Qualifying Recognised Overseas Pension Schemes (QROPS) were introduced in April 2006 by the UK tax authorities. From that date it became possible to transfer a UK pension overseas providing the receiving scheme had QROPS status; in other words it complied with various rules laid down by Her Majesty’s Revenue and Customs (HMRC) to avoid abuse of the tax system:
- The receiving scheme had to be established in a country or territory which relates pension funds.
- It has to incorporate rules stipulating that at least 70% of the pension fund would be used to provide an income rather than a lump sum.
- The plan must be recognised for tax purposes in the country or territory where it is established.
- The plan must also be available to local residents; in other words it must not be a false construct just to receive UK transfers.
In return for obtaining QROPS status the local provider has an obligation to provide HMRC each year and for 10 years from the date of transfer details of any transactions giving rise to a payment to its owner.
Again, this is again to ‘police’ any transgressions of the rules. These transgressions can result in penalty tax being applied.
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Do QROPS have advantages?
· Under the current rules UK pensions only allow 25% of the accumulated fund to be paid as a tax free lump sum but under a QROPS plan it may be possible to take up to 30%.
· Until recently QROPS also enjoyed an inheritance tax advantage for British holders but this is no longer the case as the Government removed inheritance tax on pension transfers in the last budget, so this is no longer an advantage for QROPS.
What are the disadvantages of QROPS?
· Undoubtedly they are more expensive to administer than UK plans and many QROPS available through the Isle of Man and Malta can often be advised upon and implemented by financial advisers who are not suitably qualified particularly in the field of transferring Defined Benefit plans.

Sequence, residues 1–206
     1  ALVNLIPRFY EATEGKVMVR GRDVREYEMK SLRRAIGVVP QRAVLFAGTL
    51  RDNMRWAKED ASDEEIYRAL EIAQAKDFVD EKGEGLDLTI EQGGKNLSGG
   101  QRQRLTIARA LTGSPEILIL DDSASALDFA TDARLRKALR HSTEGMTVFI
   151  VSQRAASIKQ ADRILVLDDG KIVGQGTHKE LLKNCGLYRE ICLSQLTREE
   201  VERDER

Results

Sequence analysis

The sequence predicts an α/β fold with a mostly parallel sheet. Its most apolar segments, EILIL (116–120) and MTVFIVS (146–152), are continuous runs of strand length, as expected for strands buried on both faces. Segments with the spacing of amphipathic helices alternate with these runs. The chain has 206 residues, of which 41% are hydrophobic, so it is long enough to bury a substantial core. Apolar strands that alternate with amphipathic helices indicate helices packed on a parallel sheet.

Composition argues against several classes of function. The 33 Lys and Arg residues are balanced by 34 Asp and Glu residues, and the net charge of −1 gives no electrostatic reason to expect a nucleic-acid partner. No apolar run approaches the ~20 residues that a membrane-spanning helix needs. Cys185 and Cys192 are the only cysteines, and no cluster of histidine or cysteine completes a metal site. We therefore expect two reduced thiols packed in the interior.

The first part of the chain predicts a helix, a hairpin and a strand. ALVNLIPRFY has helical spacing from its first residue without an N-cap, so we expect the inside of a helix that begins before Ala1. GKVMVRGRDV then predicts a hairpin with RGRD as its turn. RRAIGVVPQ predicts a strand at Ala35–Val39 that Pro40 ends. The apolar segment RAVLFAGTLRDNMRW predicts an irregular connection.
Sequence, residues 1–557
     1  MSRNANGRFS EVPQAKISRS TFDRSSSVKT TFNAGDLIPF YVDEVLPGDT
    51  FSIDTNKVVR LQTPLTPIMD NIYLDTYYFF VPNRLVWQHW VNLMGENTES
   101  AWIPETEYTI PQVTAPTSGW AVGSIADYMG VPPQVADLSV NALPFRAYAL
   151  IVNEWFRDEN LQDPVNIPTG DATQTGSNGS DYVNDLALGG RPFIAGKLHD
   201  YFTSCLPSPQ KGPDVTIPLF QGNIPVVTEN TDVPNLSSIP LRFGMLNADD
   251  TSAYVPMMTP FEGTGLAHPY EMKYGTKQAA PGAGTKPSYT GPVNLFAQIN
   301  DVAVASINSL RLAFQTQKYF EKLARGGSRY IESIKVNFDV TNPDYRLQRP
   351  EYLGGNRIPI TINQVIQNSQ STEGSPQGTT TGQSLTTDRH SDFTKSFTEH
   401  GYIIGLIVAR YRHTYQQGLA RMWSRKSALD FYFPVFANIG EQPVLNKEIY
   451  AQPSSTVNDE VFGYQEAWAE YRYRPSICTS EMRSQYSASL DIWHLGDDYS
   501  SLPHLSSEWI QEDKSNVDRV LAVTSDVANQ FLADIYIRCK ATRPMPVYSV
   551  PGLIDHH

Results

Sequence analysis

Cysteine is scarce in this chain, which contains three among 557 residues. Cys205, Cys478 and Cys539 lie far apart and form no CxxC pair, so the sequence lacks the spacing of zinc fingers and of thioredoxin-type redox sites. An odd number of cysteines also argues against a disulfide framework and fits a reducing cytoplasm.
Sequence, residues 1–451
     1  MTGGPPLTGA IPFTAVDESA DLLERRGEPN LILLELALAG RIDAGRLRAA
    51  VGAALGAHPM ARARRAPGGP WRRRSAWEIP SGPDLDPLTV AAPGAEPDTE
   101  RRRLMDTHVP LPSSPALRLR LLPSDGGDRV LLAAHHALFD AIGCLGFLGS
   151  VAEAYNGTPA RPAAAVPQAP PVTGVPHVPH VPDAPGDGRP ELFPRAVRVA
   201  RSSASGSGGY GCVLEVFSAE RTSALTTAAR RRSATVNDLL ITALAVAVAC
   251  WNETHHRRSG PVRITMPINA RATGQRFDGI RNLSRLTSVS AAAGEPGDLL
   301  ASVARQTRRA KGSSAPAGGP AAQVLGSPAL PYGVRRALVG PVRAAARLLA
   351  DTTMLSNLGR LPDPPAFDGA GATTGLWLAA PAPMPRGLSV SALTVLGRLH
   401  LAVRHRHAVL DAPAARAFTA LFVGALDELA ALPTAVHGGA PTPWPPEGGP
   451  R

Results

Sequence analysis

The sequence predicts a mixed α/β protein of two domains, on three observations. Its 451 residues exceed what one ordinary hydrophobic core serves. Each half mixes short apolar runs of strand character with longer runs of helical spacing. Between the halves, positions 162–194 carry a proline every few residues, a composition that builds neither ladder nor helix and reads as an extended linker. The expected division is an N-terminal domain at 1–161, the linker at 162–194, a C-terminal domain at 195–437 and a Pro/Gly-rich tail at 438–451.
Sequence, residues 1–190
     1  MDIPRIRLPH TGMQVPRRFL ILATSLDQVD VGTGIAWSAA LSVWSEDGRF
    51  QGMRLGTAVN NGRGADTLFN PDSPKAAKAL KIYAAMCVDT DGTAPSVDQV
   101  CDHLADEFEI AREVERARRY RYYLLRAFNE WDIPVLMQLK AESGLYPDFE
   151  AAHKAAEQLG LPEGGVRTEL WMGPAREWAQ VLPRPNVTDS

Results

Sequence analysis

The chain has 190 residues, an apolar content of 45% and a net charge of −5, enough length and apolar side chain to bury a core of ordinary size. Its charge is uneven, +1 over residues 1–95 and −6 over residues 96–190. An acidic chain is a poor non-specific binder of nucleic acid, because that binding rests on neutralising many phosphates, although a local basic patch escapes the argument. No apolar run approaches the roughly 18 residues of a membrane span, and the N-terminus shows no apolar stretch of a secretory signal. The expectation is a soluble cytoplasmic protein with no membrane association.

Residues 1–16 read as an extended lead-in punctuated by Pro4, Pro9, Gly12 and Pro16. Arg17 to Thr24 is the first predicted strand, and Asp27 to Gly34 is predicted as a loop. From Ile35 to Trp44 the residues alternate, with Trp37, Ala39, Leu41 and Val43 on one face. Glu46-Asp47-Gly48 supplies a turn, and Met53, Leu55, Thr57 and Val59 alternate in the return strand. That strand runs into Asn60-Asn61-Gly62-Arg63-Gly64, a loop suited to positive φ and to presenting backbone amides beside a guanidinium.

Recently the UK authorities have demanded that any Defined Benefit (DB) transfers must be signed off by a suitably qualified UK adviser and Trustees of DB schemes will no longer transfer to QROPS unless this has been done.
· QROPS are established under a Trust in the domicile in which they reside and it is an accepted fact that the French tax authorities do not recognise Trusts and therefore there could be a question mark over the taxation of the benefits when they are taken if you are tax resident in France.
What types of investments can be selected?
Generally speaking any recognised stock market investment, insurance fund, mutual fund, unit trust or OEICS is suitable and in certain cases commercial property can be included.
Is there a viable and less expensive alternative?
Yes! There is an alternative; a Self-Invested Personal Pension Plan (SIPP) where the plan remains in the United Kingdom but the management of the plan, the investment of the funds and the payment of the benefits all take place in France.
This is a less expensive alternative and provides exactly the same benefits as a QROP without the additional costs or the question mark over its Trust status. So if you need advice on managing your UK pension simply click the button below and a suitably qualified adviser will provide a free, no obligation assessment of your position and make the most appropriate recommendation.
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